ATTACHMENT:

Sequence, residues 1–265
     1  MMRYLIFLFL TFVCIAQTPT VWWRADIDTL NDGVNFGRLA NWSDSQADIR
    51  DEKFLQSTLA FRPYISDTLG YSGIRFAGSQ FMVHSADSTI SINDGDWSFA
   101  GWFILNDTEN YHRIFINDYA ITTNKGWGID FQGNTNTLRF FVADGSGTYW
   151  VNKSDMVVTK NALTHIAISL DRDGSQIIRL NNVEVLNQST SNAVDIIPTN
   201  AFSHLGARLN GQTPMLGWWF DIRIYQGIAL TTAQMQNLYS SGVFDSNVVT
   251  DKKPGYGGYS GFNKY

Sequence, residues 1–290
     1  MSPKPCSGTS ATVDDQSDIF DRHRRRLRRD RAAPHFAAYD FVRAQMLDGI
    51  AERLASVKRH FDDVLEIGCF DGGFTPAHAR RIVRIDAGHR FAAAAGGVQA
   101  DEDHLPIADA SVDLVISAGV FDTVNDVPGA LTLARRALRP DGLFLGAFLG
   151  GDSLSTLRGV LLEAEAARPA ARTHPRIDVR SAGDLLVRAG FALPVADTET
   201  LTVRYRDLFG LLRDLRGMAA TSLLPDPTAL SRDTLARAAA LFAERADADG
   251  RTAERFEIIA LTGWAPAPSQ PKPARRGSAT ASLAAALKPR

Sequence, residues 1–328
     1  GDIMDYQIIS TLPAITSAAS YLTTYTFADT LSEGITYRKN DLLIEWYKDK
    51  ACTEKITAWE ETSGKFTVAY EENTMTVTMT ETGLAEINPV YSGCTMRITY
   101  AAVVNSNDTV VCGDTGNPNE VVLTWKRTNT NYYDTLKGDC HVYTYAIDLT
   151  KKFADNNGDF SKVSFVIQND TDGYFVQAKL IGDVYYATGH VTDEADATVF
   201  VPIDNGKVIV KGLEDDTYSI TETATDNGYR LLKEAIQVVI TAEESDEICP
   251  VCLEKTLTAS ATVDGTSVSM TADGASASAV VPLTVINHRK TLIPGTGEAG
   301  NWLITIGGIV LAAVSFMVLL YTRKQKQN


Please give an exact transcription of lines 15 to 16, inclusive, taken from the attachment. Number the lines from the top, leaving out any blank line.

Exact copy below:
Sequence, residues 1–328
     1  GDIMDYQIIS TLPAITSAAS YLTTYTFADT LSEGITYRKN DLLIEWYKDK